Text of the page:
Some computer tournament rules handle this by simply declaring long cycles to be draws/wins/losses depending on number of stones captured. It would be easy trivial to support these too in the future if needed and probably would not in practice require retraining a neural net either. But for now, no actual human rulesets use this rule, and even in the computer world, positional or situational superko are often more popular. (Back)

[5] Under some real-life human rules, an unbounded cycle would not end the game in and of itself at exactly such a point, rather the game may be manually adjudicated as a no-result. But our goal here is to get a formalization of Japanese-like ko rules for computer self-play, so dictating a precise ending point is necessary. The requirement for no intervening passes makes absolutely sure that we do not no-resultify sending-two-returning-one style positions, even with weird unforeseen move orderings. (Back)

[6] Why have two phases instead of just one?

The intent is that the first phase introduces changes to the ko rules alone, allowing any positions destabilized by it to settle down. Then, the second phase additionally introduces a +1 point per move that allows players to actually begin capturing dead stones without loss of points. If both changes were introduced at once, in some cases, this leads to a highly non-intuitive "pass fight" that is absent from true Japanese rules. This can occur if a protective move becomes necessary once the ko rules change - then we may see players exchange ko threats to try to be not the second to pass and therefore to be first to play in cleanup, since being first to play in cleanup would enable making the protective move with +1 point instead of with +0 points.

Introducing the ko rule and score bonus changes in separate phases eliminates this issue. (Back)

[7] The unblock-ko-recapture action is effectively the Japanese rules's "pass for ko". We name it this way to avoid calling it a pass, since it shares little else in common with a pass with regard to the rules necessary to make cleanup work. Also, highly conveniently, an unblock-ko-recapture for a ko-move location is always mutually exclusive with a legal move for that location, which means we have no need to change the protocol for GTP or introduce new move encodings. We can continue to use the exact same 19x19 + 1 encodings in all existing protocols to represent moves. (Back)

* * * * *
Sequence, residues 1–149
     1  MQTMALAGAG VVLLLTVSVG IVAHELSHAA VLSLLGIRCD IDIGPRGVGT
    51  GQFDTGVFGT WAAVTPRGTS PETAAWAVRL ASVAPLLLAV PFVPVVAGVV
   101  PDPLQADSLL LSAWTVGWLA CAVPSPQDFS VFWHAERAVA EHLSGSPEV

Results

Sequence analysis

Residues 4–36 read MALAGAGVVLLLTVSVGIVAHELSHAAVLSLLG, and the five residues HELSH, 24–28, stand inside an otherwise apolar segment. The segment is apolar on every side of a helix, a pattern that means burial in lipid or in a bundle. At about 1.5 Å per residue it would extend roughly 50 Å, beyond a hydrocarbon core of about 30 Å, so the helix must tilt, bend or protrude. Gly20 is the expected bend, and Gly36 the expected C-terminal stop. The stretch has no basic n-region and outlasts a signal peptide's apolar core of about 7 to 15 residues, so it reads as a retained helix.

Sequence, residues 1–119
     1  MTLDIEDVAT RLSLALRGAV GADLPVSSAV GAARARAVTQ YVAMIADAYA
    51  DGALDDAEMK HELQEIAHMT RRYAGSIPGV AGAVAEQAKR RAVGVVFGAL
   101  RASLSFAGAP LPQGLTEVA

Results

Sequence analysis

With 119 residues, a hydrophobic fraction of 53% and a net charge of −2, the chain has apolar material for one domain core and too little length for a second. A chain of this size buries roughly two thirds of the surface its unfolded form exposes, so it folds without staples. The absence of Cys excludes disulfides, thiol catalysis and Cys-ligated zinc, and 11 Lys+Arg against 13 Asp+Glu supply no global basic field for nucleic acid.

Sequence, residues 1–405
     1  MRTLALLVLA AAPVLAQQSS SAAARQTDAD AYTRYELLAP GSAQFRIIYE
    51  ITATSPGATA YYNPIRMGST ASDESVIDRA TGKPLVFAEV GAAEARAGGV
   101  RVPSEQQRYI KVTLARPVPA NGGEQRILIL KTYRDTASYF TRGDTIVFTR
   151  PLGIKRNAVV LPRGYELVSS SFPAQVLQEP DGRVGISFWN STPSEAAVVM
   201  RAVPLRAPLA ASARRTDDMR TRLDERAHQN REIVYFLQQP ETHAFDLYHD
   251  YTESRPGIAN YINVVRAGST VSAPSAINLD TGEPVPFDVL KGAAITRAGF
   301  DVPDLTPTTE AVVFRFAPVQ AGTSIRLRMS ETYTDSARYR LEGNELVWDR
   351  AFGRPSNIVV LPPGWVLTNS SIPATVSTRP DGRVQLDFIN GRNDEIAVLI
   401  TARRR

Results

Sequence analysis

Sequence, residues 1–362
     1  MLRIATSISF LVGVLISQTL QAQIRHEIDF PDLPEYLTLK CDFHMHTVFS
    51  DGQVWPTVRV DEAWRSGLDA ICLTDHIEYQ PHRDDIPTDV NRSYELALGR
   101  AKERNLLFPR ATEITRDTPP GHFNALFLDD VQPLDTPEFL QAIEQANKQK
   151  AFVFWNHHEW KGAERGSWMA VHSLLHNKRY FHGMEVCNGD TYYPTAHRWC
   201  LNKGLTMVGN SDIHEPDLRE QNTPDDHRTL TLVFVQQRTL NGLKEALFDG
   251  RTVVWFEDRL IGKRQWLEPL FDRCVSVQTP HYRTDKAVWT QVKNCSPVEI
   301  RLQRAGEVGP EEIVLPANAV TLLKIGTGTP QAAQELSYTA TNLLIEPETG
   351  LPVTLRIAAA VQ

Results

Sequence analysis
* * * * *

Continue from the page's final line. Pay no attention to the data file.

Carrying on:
[8] This condition prevents a double ko seki from looping forever in the cleanup phase, at least in the simplest cases, in theory. It must depend on the exact grid coloring rather than be a general prohibition on continuing to unblock and recapture a ko or kos over and over because if the seki is temporary such that one side can capture a surrounding group to collapse it, we must make sure capturing into the ko is not prohibited at that point.

Unfortunately, as stated, this rule still allows quite a large amount of game-prolonging due to double-ko-seki, which makes it not ideal for selfplay. Is there a better formulation that is still clean to state and implement, that limits the ability of the attacker to fruitlessly cycle the double-ko-seki? (Back)

[9] This Spight-style termination condition ensures that sending-two-returning-one-type positions will terminate, even during the second cleanup phase when the cycle no longer "costs" points. (Back)

[10] The "color at the start of the second cleanup phase" condition prevents one-sided dame from granting points to the side able to fill the dame.

We go ahead and have an allowance for Button Go here too. This may seem odd, since normally the intent is as a way obtain territory-scoring granularity with area-scoring, so if already using territory-scoring, why would one want such a rule? But at least when we came to implement it in KataGo, it seemed programatically no more complex (simpler, even) to just have it as an option always, and formulating it this way makes for more natural extension to Coupon Go if desired, which *does* make sense in territory scoring. KataGo for now does NOT actually support territory + button though. (Back)

[11] A number of human rulesets allow for Black to begin with N >= 2 stones on the board when playing a game between two differently-skilled players, with these stones being placed in a ruleset-specified way, and with White making the first actual game move instead of Black. For various reasons, during handicap games many of these rulesets give White bonus points based on N, additionally on top of any komi or other settings. Some rulesets give 0 points, some give N-1 points, and some give N points. (Back)